A Night at the Roxbury

A Night at the Roxbury. Paramount Pictures 1998.
A Night at the Roxbury. Paramount Pictures 1998.

Before watching the movis:

I couldn’t have said for certain whether there was more than one sketch (that I didn’t care much care for) with these characters on Saturday Night Live, but the existence of a movie makes it plain this was a recurring thing, I expect the feature film format to bring some characterization and an SNL movie is usually not a bad use of 90 minutes. Continue reading

The Greatest Show on Earth

The Greatest Show on Earth. Paramount Pictures 1952.

Before watching the movie:

Much like State Fair, I get the idea this is is a movie that’s more about taking the audience to an event than actually telling a story. In this case, bringing the circus to an audience that doesn’t have a circus in town right now. I thought this was a musical, but it doesn’t appear to be. It is a Cecil B. DeMille epic however, and it makes perfect sense to pair a circus with a director known for massive crowds and setpieces. I’m not really sure a story about a circus can really be an “epic” in any sense but the spectacle and runtime though.

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Galaxy Quest

Few things have been kept alive by love for half a century. That club will probably be growing enormously for the next few years because so much of our culture was born in the 60s and 70s, but this week, fans are celebrating that milestone for Star Trek. While anything can achieve fifty years since just by the nature of time, fifty years continuous is something special in pop culture. If the Animated Series is included, the longest hiatus in Star Trek is only around five years. There’s a new movie in theaters now and a new series coming direct to home streaming next year. And it all began before men walked on the moon.

So I came to the question of how to celebrate it here. I grew up with Trek. Trek was in the house before I was born. The number of times I’ve watched the first six movies probably adds up to dozens, and the ones worth talking about as representative of the franchise have been talked about to death. I’ve seen every episode of the original series at least once. I saw the new movie a few weeks ago. What can I talk about?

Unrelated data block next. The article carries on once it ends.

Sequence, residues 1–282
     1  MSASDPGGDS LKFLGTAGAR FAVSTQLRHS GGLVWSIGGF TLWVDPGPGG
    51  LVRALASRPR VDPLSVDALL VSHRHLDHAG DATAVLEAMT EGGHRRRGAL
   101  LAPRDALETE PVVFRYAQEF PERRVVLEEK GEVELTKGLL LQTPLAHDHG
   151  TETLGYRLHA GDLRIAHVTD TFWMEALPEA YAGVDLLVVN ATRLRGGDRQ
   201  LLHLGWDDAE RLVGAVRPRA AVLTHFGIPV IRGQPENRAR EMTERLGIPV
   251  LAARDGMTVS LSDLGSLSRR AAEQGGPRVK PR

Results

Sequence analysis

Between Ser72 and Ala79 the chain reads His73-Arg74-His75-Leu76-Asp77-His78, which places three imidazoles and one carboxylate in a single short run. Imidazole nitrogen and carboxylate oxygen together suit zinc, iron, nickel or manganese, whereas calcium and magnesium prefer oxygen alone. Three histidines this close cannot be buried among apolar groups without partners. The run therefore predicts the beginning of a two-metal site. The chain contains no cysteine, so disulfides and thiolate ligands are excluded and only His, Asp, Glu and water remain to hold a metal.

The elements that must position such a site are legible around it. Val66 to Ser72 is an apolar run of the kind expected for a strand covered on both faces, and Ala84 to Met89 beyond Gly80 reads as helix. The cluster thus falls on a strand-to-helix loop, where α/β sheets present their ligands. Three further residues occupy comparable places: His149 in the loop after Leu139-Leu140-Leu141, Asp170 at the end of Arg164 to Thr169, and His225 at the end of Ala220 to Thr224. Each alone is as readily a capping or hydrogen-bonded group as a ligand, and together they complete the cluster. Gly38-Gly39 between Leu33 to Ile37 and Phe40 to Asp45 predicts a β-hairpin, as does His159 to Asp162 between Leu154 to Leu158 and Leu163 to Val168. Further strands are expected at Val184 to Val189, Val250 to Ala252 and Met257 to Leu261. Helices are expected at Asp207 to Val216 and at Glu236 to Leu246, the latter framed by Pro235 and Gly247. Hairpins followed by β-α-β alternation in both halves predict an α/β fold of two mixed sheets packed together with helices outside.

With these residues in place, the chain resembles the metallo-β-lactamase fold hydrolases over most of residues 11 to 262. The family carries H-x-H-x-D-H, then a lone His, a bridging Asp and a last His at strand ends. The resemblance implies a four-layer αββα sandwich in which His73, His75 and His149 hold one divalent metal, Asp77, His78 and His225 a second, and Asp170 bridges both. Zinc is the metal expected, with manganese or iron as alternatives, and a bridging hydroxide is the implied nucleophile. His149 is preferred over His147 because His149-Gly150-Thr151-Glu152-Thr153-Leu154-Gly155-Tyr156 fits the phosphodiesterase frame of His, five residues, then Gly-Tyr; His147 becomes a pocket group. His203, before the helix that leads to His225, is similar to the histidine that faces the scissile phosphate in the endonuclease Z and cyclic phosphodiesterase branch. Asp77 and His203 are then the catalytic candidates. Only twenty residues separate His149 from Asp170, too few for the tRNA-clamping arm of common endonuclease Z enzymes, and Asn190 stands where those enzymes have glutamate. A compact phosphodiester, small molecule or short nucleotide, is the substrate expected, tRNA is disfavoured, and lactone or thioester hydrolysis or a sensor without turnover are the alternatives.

Galaxy Quest. Dreamworks Pictures 1999.

The 90s were the height of Star Trek as a franchise. From 1993 to 1999, there were always two series in production, and from 1994, there were movies on top of that. There was always something new in Trek, and as the internet grew, it became much easier to talk about it with other fans. Continuity was huge even before there was a shared universe across three productions to keep track of. And as the preeminent fandom in the public’s eye, Trekkies were the easiest target to spoof the weird fans who take the things they love maybe a bit too seriously.

 

And then along comes a movie that spoofs Trekkies themselves. What if somebody completely didn’t understand the concept of fiction and dedicated their lives to a show, forcing the actors to be their characters for real? What if somebody loved a show so much they made it real?

What strikes me about describing the story like that is that the idea of a fictional story colliding with the real world is actually pretty common, but it’s always through magic. Last Action Hero comes to mind, and Stranger Than Fiction is a good example of not explicitly being magic, but it’s a weird thing that is narratively indistinguishable from magic. The Thursday Next novels interestingly begin with a bit of technology to jump into the fictional worlds in the first book, but dispense with it subsequently. I’m sure there must be other examples of fiction intruding upon reality through a purely sci-fi mechanism (aliens receive TV broadcasts, model their society around the show), but I can’t think of any.

Of course, Peter Q. Taggart is clearly based on William Shatner. Ego to the brim, alienating the castmates that are stuck with him, and too stuck in the glory days to realize it. That he is the main protagonist makes him sympathetic, but it has to get pretty savage to break Taggart down to the point where a real-life space adventure is what he needs. Everyone else is a bit more vague. Tawny Matheson’s best parallel is Uhura, but they cast Sigourney Weaver and arguably her function is more of a parody of Tasha Yar at tactical. I have a dim memory of the novelization letting her find a function that wasn’t just repeating the computer and looking pretty, but unfortunately the movie doesn’t have time for it and she just ends up embracing the part. Tommy Webber is mainly a Wesley Crusher type, but casting him black invokes Geordi’s season at the helm as well. Dr. Lazarus is kind of a hybrid of Spock and Worf. Dane/Rickman is clearly emphasizing the Spock side, but his cool logic in this case is an attempt to control his hot-blooded warrior tendencies.